At the Weill Cornell Medicine Concussion Clinic, we believe that neurological injury requires neurological expertise to assess and treat. That’s why our team consists of neurologists, neuropsychologists, and other neuroscience experts specializing in traumatic brain injury.
Diagnosing a concussion involves several steps, starting with a thorough history of the injury to document the presence and extent of any retrograde amnesia (meaning loss of memory of events leading up to the injury and of the injury itself), loss of consciousness, or post-traumatic amnesia (not registering memories of events after the injury). The last sign, post-traumatic amnesia, is one of the best indicators of how well a patient will recover after a concussion.
Unfortunately, many physicians not experienced with concussion will not take this type of history, even though it is the most important information in establishing the presence, severity, and prognosis of concussion. With children, well-intentioned pediatricians who are not experts in concussion may neglect important aspects of the history that help guide management.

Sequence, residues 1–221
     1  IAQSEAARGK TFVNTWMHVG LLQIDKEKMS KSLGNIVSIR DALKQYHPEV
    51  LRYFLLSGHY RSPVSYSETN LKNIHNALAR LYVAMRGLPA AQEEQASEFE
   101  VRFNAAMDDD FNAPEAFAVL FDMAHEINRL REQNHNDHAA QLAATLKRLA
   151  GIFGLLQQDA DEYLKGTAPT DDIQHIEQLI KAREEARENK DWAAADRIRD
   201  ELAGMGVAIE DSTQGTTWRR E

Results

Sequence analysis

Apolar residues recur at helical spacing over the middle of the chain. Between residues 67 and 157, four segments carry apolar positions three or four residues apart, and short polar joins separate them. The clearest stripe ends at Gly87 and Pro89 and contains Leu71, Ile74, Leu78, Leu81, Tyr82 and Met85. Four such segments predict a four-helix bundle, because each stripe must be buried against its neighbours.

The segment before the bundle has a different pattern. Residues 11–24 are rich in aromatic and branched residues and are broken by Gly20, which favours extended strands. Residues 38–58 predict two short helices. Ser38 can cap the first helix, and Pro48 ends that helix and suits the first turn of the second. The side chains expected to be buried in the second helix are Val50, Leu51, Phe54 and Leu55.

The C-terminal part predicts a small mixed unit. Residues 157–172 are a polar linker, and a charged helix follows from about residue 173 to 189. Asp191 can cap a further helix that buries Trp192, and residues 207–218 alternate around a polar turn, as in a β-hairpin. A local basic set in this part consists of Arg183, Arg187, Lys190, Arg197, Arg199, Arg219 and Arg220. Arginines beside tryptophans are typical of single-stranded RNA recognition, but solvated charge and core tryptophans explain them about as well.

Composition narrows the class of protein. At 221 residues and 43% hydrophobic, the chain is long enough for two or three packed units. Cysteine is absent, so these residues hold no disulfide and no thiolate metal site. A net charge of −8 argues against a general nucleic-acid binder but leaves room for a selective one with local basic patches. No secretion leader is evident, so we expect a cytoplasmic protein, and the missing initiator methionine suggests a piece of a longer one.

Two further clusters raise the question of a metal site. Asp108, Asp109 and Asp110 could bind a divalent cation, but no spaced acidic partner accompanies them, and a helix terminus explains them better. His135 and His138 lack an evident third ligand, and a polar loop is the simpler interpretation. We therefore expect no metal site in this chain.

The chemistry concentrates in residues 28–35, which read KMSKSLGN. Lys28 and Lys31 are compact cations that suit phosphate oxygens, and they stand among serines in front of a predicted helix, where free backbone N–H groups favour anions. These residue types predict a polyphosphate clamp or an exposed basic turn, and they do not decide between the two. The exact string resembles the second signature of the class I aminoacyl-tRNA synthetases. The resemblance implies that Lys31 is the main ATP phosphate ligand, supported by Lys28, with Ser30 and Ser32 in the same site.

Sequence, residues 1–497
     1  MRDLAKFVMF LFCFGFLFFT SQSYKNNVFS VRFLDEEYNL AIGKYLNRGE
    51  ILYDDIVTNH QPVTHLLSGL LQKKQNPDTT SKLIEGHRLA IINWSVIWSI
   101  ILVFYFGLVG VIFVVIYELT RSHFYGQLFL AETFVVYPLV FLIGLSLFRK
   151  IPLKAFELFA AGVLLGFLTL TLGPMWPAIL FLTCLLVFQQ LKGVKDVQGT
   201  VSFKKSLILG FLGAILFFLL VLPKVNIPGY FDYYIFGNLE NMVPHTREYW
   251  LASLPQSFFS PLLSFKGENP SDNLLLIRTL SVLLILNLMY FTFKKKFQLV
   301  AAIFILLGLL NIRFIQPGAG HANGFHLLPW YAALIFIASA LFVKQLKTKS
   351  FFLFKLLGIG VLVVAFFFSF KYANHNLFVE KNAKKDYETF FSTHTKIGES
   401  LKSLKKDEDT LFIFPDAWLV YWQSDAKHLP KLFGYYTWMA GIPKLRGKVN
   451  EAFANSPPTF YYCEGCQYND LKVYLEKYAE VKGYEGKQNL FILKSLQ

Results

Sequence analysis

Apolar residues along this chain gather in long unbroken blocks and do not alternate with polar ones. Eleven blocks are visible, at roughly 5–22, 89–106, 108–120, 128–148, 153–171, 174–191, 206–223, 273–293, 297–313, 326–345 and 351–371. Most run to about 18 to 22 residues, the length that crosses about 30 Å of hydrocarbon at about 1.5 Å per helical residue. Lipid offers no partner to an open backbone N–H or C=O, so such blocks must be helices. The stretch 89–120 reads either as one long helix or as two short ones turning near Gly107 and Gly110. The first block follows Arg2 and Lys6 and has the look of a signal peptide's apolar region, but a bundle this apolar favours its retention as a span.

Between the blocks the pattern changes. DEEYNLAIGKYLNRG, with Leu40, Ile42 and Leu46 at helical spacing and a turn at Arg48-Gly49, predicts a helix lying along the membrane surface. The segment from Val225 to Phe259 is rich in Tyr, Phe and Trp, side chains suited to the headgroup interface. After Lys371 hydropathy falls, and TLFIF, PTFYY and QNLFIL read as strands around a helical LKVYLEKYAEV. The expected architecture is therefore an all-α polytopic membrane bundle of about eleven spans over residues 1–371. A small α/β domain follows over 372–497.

In the days following a concussion the patient should see an expert in neurological functioning who can provide comprehensive evaluation and diagnosis, plus a roadmap to recovery that includes recommendations for returning to work, school, or play. Many patients are unaware of the importance of this part of the process, but it is critical for assessing mental functions such as attention, concentration, and memory. At the Weill Cornell Concussion Clinic, we take seriously the development of this roadmap, and we continue to monitor and guide our patients through the days, weeks, and months after a brain injury.
Many patients recovering from a concussion experience some degree of emotional difficulties and/or cognitive deficits in addition to the physical effects of the injury. Concussion is not only emotionally stressful, but it can lead to cognitive deficits, including problems with attention, memory, executive functioning (initiating, planning, and organizing), and information processing speed. The experts at the Weill Cornell Medicine Concussion Clinic are specially trained in identifying these deficits and creating a plan for resolving them.